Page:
Sight & Sound - April 1998


The Man in the Iron Mask

by Rob White


Having written the script for Braveheart, Randall Wallace turns his hand to direction with this adaption of Alexandre Dumas´ novel The Man in the Iron Mask, the last in a sequence featuring the four musketeers. Unlike Braveheart, which is sometimes aggravatingly pofaced, this latest version of the book (there have been at least five other films of it and a television series) is a gleefully tongue-in-cheek romp reminiscent of Richard Lester´s 70s musketeer films. It´s stylishly photographed by Peter Suschitzky, who shows off the Fontainebleau locations and dazzling costumes to full effect.

But, like Lester´s films which brought together Oliver Reed, Faye Dunaway and Raqel Welch, it´s the stellar cast who grab all the attention here. Gérard Depardieu makes a wonderful Porthos, by turns maudlin and rambunctious. Gabriel Byrne is a preoccupied, severe D´Artagnan, full of honour and secrets. John Malkovich, though his characteristically pedandic diction is occasionally frustrating, plays Athos subtly, hinting at a complexity beyond the film´s remit. Leonardo DiCaprio is impressive in the dual roles of the near-psychotic Louis XVI and his virtious, iron-masked twin brother Phillippe. Only Jeremy Irons, as the pious Aramis, puts in less than his best, a bit too brooding to pull of the comic lines. All the principals keep their own accents, so we can enjoy both their star personas and their essays in stock characterisation.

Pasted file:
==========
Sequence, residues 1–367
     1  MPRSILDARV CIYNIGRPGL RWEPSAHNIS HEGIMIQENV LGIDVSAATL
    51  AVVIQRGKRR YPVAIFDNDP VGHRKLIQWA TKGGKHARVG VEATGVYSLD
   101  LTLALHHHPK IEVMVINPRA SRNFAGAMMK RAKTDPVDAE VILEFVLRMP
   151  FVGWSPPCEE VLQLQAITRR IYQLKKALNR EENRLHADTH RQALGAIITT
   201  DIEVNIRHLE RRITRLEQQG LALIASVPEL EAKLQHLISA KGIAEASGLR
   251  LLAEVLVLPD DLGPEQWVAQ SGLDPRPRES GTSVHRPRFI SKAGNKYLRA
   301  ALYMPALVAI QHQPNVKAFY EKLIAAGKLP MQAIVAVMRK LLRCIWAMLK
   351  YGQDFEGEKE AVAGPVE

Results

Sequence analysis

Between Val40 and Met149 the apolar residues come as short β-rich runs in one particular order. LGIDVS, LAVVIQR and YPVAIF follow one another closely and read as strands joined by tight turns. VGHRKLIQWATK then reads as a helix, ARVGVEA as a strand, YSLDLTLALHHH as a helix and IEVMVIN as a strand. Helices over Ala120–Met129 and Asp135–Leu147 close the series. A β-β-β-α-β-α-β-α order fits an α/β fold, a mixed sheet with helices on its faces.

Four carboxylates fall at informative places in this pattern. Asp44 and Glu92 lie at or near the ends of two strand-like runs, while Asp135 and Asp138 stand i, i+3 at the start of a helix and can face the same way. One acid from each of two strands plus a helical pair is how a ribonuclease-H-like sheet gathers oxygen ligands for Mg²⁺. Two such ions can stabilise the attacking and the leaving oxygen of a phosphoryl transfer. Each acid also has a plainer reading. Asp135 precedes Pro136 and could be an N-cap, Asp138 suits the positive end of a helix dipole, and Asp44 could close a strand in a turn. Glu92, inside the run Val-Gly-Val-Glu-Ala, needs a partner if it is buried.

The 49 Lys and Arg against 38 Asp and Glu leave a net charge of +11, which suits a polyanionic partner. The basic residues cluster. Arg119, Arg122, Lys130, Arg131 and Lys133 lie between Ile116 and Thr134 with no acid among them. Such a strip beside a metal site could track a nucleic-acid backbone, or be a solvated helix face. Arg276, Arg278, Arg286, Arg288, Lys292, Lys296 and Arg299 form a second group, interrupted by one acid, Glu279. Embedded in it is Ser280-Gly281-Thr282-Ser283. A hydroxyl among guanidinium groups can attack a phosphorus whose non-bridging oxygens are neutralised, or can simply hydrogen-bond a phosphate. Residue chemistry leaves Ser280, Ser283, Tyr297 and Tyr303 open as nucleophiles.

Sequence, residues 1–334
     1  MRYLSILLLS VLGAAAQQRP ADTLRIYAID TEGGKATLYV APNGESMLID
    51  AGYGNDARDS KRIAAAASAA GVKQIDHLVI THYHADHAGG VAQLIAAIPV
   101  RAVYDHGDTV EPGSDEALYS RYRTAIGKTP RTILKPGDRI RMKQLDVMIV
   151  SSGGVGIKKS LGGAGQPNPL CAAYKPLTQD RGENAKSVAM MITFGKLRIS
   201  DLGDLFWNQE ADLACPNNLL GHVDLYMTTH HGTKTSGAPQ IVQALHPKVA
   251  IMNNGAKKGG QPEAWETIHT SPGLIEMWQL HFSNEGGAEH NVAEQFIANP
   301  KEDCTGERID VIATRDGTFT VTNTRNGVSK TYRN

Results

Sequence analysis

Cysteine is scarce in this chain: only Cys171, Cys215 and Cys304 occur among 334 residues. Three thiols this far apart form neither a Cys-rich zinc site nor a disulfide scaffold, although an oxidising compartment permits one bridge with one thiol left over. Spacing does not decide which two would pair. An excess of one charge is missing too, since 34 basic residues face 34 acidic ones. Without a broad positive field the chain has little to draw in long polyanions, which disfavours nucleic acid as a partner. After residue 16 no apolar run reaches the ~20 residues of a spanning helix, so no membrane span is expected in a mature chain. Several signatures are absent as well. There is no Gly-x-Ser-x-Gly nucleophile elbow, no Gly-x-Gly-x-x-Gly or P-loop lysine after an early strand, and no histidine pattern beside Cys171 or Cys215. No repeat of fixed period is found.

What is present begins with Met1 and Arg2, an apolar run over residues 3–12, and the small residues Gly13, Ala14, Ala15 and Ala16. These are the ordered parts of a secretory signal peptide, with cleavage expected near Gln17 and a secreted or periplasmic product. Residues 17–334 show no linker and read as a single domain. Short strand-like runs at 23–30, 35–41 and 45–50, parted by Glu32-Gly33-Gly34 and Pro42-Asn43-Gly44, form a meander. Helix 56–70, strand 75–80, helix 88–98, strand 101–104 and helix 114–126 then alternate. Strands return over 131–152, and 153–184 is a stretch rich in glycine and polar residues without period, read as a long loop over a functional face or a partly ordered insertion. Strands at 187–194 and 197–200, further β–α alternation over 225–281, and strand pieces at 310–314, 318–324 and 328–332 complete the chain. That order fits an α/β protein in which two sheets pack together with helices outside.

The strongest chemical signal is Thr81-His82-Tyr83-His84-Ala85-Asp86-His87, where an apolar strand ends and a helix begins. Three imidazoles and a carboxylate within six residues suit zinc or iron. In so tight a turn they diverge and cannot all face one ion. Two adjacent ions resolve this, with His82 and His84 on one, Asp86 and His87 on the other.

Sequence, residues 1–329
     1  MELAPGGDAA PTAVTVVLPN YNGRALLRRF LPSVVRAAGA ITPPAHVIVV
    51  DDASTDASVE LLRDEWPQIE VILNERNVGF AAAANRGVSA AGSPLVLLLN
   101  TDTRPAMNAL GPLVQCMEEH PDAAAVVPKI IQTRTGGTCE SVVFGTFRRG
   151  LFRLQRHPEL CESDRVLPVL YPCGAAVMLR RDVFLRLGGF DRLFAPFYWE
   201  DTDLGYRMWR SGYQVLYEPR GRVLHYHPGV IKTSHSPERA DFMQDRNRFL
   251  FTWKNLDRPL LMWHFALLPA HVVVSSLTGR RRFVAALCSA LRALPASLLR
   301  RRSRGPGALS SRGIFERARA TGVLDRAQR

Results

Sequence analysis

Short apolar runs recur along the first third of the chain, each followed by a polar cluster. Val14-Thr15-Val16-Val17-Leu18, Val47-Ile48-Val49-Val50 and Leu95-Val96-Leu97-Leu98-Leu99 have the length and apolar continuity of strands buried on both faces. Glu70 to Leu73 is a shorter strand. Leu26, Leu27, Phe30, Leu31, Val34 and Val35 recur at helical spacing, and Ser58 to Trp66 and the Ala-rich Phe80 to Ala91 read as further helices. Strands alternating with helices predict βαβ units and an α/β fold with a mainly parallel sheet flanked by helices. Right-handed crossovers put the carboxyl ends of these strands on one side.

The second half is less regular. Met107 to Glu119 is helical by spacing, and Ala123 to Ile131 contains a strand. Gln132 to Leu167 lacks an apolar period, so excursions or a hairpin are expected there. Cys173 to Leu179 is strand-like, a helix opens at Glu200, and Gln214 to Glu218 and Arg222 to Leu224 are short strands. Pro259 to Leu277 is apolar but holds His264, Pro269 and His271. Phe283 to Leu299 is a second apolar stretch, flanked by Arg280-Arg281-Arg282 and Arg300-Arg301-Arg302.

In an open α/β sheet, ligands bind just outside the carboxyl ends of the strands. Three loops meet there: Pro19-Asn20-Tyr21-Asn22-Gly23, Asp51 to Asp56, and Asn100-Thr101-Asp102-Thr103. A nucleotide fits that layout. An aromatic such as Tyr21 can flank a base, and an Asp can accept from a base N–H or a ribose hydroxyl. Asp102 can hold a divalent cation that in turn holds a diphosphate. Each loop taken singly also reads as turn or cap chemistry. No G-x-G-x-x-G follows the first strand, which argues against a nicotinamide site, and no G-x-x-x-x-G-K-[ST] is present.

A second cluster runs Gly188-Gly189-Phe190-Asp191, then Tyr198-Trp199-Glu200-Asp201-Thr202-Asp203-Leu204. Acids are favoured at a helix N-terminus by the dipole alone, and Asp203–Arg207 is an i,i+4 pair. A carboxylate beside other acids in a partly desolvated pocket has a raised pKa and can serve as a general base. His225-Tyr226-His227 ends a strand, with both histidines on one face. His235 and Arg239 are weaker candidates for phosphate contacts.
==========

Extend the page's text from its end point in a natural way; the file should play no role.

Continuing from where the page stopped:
Dumas´ novel is inordinately long and wordy, and in his script Wallace rightly strips all of this out in order to maintain cinematic musketeer conventions. The novel concludes with D´Artagnan killed by a cannon ball in battle, and only Aramis is still alive by the end. Here, though, D´Artagnan alone is killed - throwing himself down in front of Louis´ sword as the king tries to murder his brother.

However, the script is still The Man in the Iron Mask´s weakest feature and, given to lesser actors, it could have been very ponderous. Even so, the film noticeably sags in the middle. Along the way, some interesting issues bubble under the surface. In a film so dependent on male characters, gender roles are disturbed and redistributed. A feminised Athos, grieving for his dead son, teaches Phillippe courtly behaviour, and carries out the task gently. There are also hints of all sorts of trauma and dysfunction - in the royal family but also in the solitariness of the legendary musketeers´ fading lives. Their precarious, lonely masculinity is almost reminiscent of Sam Peckinpah´s The Wild Bunch (1969), which is recalled in the climactic slowmotion, seemingly suicidal charge of the musketeers against the besieging troops in the Bastille. But these issues never come into full view, and we are left with a film which, at all right moments but especially in its last half hour, abandons seriousness in favour of swordfights, often to hilarious and completely satisfying effect.